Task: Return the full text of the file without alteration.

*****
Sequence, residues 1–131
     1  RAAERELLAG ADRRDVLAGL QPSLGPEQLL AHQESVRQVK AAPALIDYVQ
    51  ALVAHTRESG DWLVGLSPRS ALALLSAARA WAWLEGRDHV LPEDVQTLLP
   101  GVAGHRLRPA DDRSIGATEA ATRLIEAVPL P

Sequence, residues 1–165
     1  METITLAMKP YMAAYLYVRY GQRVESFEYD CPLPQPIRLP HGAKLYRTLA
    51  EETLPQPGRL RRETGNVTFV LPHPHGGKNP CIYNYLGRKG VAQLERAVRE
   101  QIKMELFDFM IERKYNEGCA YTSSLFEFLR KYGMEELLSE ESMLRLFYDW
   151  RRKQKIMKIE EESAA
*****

Sequence, residues 1–131
     1  RAAERELLAG ADRRDVLAGL QPSLGPEQLL AHQESVRQVK AAPALIDYVQ
    51  ALVAHTRESG DWLVGLSPRS ALALLSAARA WAWLEGRDHV LPEDVQTLLP
   101  GVAGHRLRPA DDRSIGATEA ATRLIEAVPL P

Sequence, residues 1–165
     1  METITLAMKP YMAAYLYVRY GQRVESFEYD CPLPQPIRLP HGAKLYRTLA
    51  EETLPQPGRL RRETGNVTFV LPHPHGGKNP CIYNYLGRKG VAQLERAVRE
   101  QIKMELFDFM IERKYNEGCA YTSSLFEFLR KYGMEELLSE ESMLRLFYDW
   151  RRKQKIMKIE EESAA